As a supplier of key ingredients for its life-saving products, Cargill helps Edesia treat and prevent malnutrition around the world
Spend just a few minutes with Navyn Salem, the dynamic founder and CEO of Edesia Nutrition, and you’ll find yourself spellbound by her energy and passion for the vital work her company does – treating and preventing malnutrition to save millions of lives each year.
Edesia, named after the mythological Roman goddess of food, is a non-profit social enterprise that produces ready-to-use therapeutic and supplementary foods that reach malnourished children in more than 48 countries – and it’s a Cargill customer like no other.
WASHINGTON, D.C. / MINNEAPOLIS, Minn., May 3, 2017 /3BL Media/ - The General Mills Foundation announced a two-year grant with World Food Program USA to support rice fortification efforts in India’s school meals program.
Jiro-Ve has developed a creative approach to meet the last mile distribution challenge for getting safe, affordable lighting solutions to low-income households
Many social enterprises focus on innovation of high-quality products designed to reach low-income customers. By the numbers, this bottom of the pyramid strategy to reach impact and market at scale seems to make sense – analysis of World Bank data from 2011 shows that 71% of the world’s population can be considered poor or low-income.
We do our part to celebrate Earth Day today and every day. We recognize that food waste is a serious problem across the country. Why does it matter? According to the Environmental Protection Agency (EPA), an estimated 30 – 40 percent of the food supply is wasted in the US every year. That’s approximately $161 billion worth of food, enough to provide 110 billion meals. Most of the wasted food ends up in the landfill and as it breaks down, it produces methane.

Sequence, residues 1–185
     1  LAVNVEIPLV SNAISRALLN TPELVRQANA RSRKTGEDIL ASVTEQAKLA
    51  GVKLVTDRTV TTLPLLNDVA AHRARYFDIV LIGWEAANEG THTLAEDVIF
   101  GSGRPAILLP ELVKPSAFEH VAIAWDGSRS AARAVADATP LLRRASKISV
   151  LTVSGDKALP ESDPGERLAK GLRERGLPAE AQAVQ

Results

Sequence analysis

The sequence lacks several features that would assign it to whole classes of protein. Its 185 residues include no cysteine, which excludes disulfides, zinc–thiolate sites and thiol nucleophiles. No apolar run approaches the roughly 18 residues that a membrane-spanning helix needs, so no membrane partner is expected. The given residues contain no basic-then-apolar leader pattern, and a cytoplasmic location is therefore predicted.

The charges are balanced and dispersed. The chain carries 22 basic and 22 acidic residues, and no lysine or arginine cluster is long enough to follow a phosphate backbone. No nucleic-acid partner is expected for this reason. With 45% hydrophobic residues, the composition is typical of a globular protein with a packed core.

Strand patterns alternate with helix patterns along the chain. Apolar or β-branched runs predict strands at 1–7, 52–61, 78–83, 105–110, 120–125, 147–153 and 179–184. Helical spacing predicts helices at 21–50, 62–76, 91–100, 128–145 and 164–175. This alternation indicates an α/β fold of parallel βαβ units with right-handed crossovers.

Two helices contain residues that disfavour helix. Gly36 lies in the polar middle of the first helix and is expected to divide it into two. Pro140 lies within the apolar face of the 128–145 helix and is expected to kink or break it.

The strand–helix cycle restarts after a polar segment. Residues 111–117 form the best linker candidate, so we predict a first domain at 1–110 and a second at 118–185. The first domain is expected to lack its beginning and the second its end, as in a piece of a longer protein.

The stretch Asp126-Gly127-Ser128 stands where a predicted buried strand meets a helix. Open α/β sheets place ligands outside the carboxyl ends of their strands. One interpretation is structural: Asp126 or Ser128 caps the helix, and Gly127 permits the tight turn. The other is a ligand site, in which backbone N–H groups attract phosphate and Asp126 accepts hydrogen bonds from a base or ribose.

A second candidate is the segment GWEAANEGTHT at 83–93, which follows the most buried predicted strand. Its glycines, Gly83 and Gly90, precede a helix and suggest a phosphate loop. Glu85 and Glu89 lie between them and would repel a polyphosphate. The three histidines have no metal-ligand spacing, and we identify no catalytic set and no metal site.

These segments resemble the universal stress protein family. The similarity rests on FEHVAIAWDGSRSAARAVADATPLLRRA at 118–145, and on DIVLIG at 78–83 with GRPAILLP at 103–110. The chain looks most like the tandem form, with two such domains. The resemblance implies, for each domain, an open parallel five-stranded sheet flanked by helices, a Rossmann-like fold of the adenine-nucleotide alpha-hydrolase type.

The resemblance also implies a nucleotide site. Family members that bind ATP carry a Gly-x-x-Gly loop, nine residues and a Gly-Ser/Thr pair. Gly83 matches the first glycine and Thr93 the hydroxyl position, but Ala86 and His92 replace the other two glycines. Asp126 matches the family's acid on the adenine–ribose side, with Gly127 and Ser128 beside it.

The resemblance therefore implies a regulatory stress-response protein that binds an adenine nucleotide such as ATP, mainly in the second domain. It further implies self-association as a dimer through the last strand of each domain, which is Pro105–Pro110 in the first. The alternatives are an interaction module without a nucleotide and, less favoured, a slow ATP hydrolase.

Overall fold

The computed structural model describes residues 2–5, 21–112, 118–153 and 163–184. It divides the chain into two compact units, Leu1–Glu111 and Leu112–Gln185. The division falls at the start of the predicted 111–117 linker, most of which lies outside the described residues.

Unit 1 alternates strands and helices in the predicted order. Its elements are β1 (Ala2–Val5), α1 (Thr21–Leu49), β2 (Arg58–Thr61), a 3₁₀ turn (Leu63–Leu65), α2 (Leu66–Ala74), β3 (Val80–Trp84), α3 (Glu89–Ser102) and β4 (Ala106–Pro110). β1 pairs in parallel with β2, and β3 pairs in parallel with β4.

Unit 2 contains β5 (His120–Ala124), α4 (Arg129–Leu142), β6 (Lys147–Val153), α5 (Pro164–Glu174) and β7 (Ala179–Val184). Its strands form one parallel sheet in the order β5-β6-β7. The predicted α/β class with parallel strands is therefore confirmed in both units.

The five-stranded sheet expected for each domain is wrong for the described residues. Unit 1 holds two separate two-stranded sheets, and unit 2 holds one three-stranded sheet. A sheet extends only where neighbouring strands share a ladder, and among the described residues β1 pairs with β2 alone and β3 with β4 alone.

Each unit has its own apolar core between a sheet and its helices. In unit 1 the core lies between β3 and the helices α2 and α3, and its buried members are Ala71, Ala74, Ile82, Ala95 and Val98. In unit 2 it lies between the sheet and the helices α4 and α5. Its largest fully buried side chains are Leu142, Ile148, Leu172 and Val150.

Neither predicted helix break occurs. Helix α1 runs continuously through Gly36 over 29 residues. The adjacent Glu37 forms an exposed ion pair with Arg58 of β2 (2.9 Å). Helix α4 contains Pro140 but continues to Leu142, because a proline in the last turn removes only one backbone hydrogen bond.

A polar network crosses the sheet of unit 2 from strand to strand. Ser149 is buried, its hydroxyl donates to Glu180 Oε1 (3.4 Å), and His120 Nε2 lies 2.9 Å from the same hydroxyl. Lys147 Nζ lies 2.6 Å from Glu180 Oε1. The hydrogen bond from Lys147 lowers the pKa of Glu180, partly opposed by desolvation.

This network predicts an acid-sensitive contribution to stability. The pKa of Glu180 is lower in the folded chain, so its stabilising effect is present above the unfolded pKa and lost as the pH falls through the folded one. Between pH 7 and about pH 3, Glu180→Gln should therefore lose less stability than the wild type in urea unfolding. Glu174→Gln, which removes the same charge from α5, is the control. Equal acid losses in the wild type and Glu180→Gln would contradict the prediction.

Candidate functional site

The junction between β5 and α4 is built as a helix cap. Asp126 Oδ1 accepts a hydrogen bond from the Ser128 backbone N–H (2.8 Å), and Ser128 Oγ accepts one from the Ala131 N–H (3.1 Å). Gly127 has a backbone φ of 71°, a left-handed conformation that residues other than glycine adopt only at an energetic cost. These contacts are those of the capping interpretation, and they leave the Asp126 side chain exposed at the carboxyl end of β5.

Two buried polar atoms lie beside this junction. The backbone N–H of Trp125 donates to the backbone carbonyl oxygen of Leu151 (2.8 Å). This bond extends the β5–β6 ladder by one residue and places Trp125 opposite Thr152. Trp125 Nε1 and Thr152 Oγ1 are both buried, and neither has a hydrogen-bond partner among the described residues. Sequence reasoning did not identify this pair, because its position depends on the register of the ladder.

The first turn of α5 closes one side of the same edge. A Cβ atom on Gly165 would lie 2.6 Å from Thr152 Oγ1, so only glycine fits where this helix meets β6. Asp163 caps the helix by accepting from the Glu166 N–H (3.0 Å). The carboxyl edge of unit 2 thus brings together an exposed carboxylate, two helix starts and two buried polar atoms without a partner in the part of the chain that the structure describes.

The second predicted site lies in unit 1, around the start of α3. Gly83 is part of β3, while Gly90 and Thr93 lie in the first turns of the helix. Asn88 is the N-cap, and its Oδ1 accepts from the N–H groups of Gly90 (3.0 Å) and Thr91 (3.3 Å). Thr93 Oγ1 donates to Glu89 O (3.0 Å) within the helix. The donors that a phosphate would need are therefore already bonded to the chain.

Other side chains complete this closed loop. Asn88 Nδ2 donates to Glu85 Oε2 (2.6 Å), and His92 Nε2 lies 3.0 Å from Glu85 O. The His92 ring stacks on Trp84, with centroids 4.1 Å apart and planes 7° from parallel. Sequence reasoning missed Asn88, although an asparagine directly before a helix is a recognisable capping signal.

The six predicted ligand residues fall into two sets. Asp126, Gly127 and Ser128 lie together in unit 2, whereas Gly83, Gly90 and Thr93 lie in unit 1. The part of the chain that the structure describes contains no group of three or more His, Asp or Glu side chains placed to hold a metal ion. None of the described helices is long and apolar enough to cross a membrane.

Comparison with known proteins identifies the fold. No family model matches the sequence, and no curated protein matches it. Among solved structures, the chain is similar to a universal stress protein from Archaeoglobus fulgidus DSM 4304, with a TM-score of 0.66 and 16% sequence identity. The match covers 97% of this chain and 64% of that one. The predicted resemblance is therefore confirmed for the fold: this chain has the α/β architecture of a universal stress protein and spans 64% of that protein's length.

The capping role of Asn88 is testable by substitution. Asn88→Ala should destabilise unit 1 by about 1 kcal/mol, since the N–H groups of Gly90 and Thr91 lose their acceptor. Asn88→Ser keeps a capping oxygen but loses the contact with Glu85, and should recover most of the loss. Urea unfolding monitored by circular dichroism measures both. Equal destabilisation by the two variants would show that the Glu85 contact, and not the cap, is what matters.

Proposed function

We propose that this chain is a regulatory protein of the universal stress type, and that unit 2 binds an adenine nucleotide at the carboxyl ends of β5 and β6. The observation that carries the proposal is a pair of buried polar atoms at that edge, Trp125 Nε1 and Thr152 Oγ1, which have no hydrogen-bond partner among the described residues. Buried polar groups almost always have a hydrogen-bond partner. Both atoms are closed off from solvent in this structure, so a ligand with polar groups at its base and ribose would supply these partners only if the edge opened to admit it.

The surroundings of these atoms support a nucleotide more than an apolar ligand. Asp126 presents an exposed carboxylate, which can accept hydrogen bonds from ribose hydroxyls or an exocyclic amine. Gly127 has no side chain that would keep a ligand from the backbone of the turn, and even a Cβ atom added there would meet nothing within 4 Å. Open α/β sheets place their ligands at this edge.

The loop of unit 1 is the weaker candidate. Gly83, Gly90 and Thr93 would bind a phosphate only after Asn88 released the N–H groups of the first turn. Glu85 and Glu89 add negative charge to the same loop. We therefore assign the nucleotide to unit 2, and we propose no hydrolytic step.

A pioneer in rescuing produce that would otherwise go to waste, FareShare helps feed half a million people each week. CEO Lindsay Boswell tells us how.
Lindsay Boswell knows how to find a use for discolored apples and lumpy carrots. But protein powder? The CEO of FareShare had no clue.
“We had recently had a large volume of these protein substances the body builders use,” he said. “You see them in these big white tubs in the health shops. We thought we were really going to struggle to find anybody who wanted to take those.”
They turned out to be in demand by a certain group: homeless shelters trying to help the people they serve gain weight. “They were saying, that’s perfect for us,” he said.
More than 20 million people across four countries face famine and or the risk of famine in North-East Nigeria, South Sudan, Yemen and Somalia. Without collective and coordinated global effort, people will starve to death and many more will suffer from disease.
A group of 40 Sands China Care Ambassadors volunteered their time in February at Macau Holy House of Mercy’s Welfare Shop, helping distribute over 350 food hampers to disadvantaged families, sending them New Year’s blessings for the Year of the Rooster. The event marks the fifth consecutive year of Sands China Ltd.’s support, which also included a donation of MOP 300,000 presented by Sands China President Dr.